The ICA’s Amy Sadao Opens the Door to Philadelphia

Amy Sadao.
Amy Sadao.

Given its proximity to the all-you-can-eat art buffet in New York, Philadelphia can be a touch overlooked, despite the jaw-dropping offerings of the Barnes Collection and the Philadelphia Museum of Art, among other excellent institutions.

But Amy Sadao, the director of the Institute of Contemporary Art at the University of Pennsylvania, sees the position of the city, and her cutting-edge Kunsthalle, as a massive upside. She runs Philadelphia’s only contemporary art museum, founded in 1963.

“There’s a lot to be said about our proximity to New York. We can all go and see those exhibitions, but we don’t want to bring exhibitions from the Whitney here,” says Sadao, a former long-term New Yorker herself who took over the ICA’s helm in 2012. While she is up to date with the happenings in the Big Apple and the wider world, she is forging her own path at an institution known for doing just that.

“Nothing’s ever the same at ICA,” she says. “We don’t have a collection. We take really seriously our mission to respond as heartily as possible to artists’ works and to completely transform the galleries and the museum each season. The whole place is made over and the museum is new again.”

Muhal Richard Abrams’ View From Within, 1985.

This fall, the ICA debuts its biggest exhibition ever, taking over all of its 10,000 square feet: “The Freedom Principle: Experiments in Art and Music, from 1965 to Now,” organized by the Museum of Contemporary Art Chicago (the engine of many buzzed-about shows lately). It runs September 14 to March 19 and features the work of Glenn Ligon, Stan Douglas, Rashid Johnson and Nick Cave, as well as some new names to many viewers.

“Philadelphia has this enormous history with avant-garde jazz and avant-garde black culture,” says Sadao, making the show “particularly salient to this city.”

Woven through that exhibition will be an ICA original, curated by its own Anthony Elms, called “Endless Shout,” an exploration of African-American 1960s performance-based work and its impact today. Sadao says it’s a “method for us to explore the ways museums can present performance work and live work”—a question being asked widely by similar institutions across the country.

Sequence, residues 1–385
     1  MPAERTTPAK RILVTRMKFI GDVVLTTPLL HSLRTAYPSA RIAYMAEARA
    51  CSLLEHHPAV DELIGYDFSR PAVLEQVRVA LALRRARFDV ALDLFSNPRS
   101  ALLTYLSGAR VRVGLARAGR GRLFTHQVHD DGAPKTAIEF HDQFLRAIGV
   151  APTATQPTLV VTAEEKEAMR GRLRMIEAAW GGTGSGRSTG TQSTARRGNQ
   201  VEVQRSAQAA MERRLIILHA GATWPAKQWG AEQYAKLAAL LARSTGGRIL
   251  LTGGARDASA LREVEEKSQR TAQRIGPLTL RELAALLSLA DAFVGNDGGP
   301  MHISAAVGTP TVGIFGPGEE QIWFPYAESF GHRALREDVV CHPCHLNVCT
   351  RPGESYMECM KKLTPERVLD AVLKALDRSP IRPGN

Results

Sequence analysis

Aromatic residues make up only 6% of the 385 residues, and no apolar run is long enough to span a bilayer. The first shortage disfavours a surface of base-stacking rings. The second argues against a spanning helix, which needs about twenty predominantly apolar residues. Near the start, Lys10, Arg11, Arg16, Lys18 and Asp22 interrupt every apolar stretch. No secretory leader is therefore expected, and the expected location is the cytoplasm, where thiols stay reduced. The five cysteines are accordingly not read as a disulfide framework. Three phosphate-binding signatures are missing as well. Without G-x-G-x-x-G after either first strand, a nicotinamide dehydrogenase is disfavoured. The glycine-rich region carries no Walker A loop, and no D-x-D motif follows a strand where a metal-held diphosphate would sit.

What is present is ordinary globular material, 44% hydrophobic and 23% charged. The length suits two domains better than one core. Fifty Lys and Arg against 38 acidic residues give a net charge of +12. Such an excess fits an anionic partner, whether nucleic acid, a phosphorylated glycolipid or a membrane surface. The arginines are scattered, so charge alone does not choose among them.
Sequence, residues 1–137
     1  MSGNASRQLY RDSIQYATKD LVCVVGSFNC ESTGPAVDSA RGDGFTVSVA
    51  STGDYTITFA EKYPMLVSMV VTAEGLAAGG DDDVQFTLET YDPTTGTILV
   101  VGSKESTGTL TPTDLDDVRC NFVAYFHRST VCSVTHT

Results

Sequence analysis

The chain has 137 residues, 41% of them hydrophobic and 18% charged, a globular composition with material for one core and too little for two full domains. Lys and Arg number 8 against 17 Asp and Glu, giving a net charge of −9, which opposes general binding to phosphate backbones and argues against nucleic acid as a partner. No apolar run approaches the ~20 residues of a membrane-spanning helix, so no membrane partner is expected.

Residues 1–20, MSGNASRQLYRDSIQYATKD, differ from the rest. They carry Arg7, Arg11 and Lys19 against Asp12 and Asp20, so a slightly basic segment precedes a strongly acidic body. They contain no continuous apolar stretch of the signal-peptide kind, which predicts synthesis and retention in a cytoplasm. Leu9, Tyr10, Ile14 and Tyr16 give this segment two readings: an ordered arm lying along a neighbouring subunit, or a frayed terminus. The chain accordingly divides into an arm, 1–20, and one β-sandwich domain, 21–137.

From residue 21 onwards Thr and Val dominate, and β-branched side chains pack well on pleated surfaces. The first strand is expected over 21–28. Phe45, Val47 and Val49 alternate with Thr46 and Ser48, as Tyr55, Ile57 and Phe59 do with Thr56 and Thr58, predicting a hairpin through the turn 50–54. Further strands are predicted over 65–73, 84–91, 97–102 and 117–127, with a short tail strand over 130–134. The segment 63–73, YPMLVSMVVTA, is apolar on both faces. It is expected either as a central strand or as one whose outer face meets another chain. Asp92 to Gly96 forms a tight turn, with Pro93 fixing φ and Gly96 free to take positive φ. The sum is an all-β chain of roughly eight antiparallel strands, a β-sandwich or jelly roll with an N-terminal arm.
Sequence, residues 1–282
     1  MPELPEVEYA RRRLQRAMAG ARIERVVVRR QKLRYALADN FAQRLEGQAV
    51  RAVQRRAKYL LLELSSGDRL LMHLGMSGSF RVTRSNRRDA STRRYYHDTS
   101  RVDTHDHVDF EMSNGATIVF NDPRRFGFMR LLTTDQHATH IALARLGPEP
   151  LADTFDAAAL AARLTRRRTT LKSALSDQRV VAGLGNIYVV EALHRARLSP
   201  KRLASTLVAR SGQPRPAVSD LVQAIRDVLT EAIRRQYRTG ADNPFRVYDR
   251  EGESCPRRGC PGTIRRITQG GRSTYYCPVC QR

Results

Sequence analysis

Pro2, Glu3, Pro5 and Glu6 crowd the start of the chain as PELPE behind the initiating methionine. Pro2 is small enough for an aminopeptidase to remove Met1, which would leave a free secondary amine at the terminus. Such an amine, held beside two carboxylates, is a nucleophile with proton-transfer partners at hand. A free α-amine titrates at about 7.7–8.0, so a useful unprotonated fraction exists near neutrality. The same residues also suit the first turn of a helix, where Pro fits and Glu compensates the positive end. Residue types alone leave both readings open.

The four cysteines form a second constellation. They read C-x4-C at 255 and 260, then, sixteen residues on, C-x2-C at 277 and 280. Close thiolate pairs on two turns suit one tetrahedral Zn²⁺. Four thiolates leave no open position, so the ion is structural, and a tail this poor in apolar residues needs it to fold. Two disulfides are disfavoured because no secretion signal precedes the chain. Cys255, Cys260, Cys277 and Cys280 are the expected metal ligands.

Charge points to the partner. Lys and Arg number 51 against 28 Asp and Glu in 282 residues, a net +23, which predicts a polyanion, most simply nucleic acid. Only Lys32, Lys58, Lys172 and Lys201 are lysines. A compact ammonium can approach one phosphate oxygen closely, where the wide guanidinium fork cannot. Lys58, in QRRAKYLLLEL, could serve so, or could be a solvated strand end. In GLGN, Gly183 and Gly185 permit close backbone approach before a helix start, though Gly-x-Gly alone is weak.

Nari Ward’s We the People, 2011.

Rather than being a mere trend among museums, Sadao sees the performance focus as natural, given the ICA’s mission. “It’s a response to artists,” she says. “We are looking where artists are looking. We are not looking where the market is or where art history has already been written.”

That ambition is made possible in part by Sadao doubling the ICA’s endowment to around $23 million since she arrived, largely due to the “great visionary” gift of $10 million by longtime arts patron and collector Dan Dietrich, who died in 2015.

The University of Pennsylvania comprises a dozen schools and six cultural resource centers like the ICA, and as Sadao notes, “The university does not underwrite everything that ICA does.” Luckily, the city’s wider donor class has also been supportive. “We are also really lucky to work here with foundations that support Philadelphia art so boldly, like The Pew Center for Arts & Heritage, which is supporting ‘Endless Shout,’” says Sadao, also citing the William Penn Foundation as a contributor that wants institutions “to really stretch themselves.”


Sadao has stretched into her job, too. Previously, she was the director of Visual AIDS in New York, working with another staffer at the nonprofit dedicated to increasing awareness, supporting HIV-positive artists and preserving the legacy of AIDS on art; now she has 19 people under her.

The edgy offerings at ICA sometimes require a good old hand-sell, hence the attention to engagement, and Sadao is interested in shaping a welcoming first experience for Philadelphia audiences. As she puts it, the goal is to create an “on-ramp for cultured, intelligent, curious, potential viewers who don’t yet have this complete confidence in their relationship with contemporary art.”

Of course everyone is working on their connection to the art of today, which is meant to be provocative and vexing at times—not settled and neat.

Sadao has a clear sense of her mission: “It’s a long relationship, right? And one that grows. We’re going to be that institution that people can begin that relationship with.”